Recorded symptoms are common in combat veterans, but

Recorded PTSD symptoms can be traced back as far as World War I. These symptoms are common in combat veterans, but not much has changed to aid those troops suffering from common symptoms. Traumatic brain injuries are common for soldiers surviving such intensities of combat and can result in many disabilities including physical, cognitive, psychological, psychosocial impairments and functional.

(Anderson, 2008). The term ‘shell-shock’ was introduced in the late 1914’s by a British psychiatrist named Charles Myers. Though this was introduced, it was not until 1980 when the American Psychiatric Association developed the criteria for Post-Traumatic Stress Disorder (PTSD). (Anderson, 2008). Constant conflict over the last twenty-eight years has led troops to constant combat battles. Along with memory loss, those soldiers diagnosed with PTSD has increased. Another option needs to be approached to help these soldiers. Neuroimaging used by researchers can help to identify some of the areas anatomically in which the brain is impacted by PTSD.

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Continuing stress disorders can play a role in the size of the hippocampus and the decrease of it. Some showed signs of an abridged amygdala as well, which gives soldiers difficulties with identifying correctly negative and positive emotional responses. (Van Stegeren, 2009).

In our daily lives, memory is a big part which allows to remember past events/memories, remember the skills that we have acquired over time and helps with bodily functions. Implicit memory is something that a person needs but may not think about. This is used when we learn something that we usually do not think about, like our balance for standing or even walking, or the way we construct words as we read. (Sternberg ; Sternberg, 2016). Explicit memory is also a part of our lives as this allows for the recall of a specific memory (Sternberg ; Sternberg, 2016). Explicit memory can allow a person to function throughout the day and to remember where they may have left an important item. For the cause of memory recall issues, Bedard-Gilligan and Zoellner (2012), established the theories of dissociation and memory fragmentation in PTSD. The result of not fulling processing or being aware of what happened before, during or immediately after an event, especially a traumatic one, would be dissociation.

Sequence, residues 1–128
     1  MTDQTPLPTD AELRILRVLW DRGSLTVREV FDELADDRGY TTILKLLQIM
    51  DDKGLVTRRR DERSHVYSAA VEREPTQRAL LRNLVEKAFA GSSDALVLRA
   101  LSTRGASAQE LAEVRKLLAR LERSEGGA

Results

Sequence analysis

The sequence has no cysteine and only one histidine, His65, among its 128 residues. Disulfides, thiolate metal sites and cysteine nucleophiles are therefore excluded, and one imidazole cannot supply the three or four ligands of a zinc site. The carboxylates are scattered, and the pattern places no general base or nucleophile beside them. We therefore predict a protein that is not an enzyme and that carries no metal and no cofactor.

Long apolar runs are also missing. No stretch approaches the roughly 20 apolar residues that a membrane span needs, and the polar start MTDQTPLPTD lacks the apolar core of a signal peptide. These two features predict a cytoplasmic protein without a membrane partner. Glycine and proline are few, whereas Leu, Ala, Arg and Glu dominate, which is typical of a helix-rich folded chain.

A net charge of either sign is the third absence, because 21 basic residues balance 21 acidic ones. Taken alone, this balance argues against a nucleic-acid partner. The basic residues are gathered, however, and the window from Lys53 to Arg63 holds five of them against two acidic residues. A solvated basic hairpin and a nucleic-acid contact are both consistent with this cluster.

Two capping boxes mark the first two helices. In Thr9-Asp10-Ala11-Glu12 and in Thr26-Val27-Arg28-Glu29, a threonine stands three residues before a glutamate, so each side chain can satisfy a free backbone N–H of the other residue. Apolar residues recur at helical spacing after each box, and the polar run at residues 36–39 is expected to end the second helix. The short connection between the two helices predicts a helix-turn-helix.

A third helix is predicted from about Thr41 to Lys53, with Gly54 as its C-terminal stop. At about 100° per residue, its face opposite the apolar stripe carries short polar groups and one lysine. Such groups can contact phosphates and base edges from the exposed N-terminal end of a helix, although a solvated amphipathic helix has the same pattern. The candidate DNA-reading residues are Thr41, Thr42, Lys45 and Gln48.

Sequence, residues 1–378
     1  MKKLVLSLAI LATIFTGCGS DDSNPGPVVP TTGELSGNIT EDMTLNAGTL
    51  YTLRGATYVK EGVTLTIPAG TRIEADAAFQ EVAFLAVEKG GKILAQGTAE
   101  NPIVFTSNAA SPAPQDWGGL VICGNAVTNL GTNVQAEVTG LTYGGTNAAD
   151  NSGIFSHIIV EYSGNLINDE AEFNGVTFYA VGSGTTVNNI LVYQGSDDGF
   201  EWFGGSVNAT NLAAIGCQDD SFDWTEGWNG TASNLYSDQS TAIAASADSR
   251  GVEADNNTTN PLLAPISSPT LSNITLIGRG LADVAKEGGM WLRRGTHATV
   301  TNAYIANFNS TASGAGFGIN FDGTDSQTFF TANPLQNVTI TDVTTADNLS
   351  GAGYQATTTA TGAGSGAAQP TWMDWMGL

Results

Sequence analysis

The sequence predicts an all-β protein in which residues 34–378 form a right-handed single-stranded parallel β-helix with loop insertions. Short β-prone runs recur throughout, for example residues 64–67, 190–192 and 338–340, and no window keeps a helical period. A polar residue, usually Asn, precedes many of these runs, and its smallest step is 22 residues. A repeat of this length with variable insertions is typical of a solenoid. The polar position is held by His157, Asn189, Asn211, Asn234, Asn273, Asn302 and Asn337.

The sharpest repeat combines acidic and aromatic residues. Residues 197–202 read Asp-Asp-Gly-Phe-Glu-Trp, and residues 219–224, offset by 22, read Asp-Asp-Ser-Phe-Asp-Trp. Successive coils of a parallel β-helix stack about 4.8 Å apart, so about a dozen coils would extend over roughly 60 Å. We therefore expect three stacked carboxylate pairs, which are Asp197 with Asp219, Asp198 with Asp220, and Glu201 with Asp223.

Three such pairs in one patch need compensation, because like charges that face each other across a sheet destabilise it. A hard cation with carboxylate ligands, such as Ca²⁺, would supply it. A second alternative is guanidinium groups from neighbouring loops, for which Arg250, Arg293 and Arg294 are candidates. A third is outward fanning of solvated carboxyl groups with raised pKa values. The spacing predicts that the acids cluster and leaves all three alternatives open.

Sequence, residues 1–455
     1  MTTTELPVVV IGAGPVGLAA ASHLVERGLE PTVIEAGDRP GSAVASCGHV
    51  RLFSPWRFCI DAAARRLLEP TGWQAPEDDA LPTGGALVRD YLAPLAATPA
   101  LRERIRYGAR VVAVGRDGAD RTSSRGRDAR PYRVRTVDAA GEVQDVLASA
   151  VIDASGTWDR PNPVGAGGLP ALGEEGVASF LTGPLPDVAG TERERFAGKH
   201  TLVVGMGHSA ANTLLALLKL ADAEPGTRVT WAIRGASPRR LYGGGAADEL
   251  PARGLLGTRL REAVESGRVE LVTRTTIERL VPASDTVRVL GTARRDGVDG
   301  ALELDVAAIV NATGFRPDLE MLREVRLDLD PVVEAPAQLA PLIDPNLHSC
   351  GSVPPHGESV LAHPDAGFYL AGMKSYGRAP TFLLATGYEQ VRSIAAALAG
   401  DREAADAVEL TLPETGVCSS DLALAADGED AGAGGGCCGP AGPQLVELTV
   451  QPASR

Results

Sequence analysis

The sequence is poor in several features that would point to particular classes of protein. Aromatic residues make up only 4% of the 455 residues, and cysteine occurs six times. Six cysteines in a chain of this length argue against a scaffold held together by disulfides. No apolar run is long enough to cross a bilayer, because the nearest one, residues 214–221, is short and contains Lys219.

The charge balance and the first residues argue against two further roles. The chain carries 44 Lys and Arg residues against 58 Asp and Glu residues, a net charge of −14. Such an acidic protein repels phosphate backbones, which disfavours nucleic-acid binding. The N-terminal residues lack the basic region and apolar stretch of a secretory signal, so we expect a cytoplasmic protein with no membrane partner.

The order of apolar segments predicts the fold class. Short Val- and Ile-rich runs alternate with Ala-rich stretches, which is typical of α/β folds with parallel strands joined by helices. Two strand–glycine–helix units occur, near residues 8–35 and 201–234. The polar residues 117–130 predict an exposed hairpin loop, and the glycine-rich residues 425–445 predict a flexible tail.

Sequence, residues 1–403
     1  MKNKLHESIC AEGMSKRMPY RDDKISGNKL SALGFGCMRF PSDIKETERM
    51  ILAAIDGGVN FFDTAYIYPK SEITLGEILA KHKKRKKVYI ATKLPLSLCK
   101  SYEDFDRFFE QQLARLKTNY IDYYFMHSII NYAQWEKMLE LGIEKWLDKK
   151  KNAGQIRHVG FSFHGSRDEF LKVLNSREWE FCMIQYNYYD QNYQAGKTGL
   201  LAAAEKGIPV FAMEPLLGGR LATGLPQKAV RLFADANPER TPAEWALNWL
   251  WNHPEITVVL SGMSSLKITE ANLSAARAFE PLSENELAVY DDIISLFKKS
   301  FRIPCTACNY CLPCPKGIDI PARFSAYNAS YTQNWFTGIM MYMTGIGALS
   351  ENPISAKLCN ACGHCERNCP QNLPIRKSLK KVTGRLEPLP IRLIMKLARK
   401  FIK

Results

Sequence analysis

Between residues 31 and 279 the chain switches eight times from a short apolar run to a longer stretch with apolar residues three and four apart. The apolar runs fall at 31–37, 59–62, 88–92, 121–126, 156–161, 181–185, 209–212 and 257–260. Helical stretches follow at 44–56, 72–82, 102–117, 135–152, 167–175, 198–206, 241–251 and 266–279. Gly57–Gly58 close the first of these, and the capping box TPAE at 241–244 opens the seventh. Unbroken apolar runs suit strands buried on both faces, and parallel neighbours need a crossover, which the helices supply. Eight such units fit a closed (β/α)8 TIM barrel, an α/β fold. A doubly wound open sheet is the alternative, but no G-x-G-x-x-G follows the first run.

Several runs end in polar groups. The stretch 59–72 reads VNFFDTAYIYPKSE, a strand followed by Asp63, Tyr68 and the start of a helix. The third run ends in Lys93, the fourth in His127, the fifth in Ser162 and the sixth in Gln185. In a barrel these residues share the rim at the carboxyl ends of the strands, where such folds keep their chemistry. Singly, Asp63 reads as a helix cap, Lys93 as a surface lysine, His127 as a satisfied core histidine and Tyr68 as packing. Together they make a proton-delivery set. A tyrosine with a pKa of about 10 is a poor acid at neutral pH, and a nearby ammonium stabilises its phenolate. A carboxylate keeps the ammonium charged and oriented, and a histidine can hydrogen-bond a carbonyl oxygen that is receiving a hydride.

(Bedard-Gilligan ; Zoellner, 2012). A combination of dissociation and emotional instability around the time of an event is what is thought to cause memory fragmentation. (Bedard-Gilligan ; Zoellner, 2012). For the cause of memory loss, the theory of memory repression is being researched more.

This theory was developed by Freud on the idea that events can be too frightening or painful. As a result, information can be locked away in an unconscious mind through the process of repression. (Funder, 2016). Evidence by Axmacher, Do Lam, Kessler, and Fell (2010) showed that when stimulated simultaneously, the amygdala and hippocampus allowed for memory recall. Every day, those veterans diagnosed with PTSD and memory issues struggle with their daily life. This makes the issue more challenging than initially known. Cognitive Behavioral Therapy or CBT is researched based evidence that focuses on trauma and is effective in treating combat veterans.

Foa, Keane, Friedman ; Cohan (2009) suggest that mental health practitioners use CBT as a first course of therapy. It is problematic for traumatic events to become discussed, especially if a veteran has an issue with the recall. A great tool for this is neuroimaging and the cost would not become an issue because the VA is indebted to treat veterans, especially those which are disabled, at no cost. Since many veterans cannot be tested with an MRI due to many things like pacemakers and other devices (Dill, 2009), this makes neuroimaging more appealing. Though cognitive exercises or therapy can be helpful, if the damage to the brain is structural, there may be a little amount that cognitive exercise or therapy can do.